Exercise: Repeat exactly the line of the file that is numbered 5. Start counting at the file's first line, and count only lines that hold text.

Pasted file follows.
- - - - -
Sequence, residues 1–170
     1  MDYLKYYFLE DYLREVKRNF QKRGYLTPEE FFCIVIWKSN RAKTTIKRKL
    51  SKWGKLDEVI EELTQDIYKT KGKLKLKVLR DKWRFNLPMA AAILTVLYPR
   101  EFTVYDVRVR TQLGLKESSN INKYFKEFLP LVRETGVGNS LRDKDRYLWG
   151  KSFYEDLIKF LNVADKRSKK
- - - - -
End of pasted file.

   151  KSFYEDLIKF LNVADKRSKK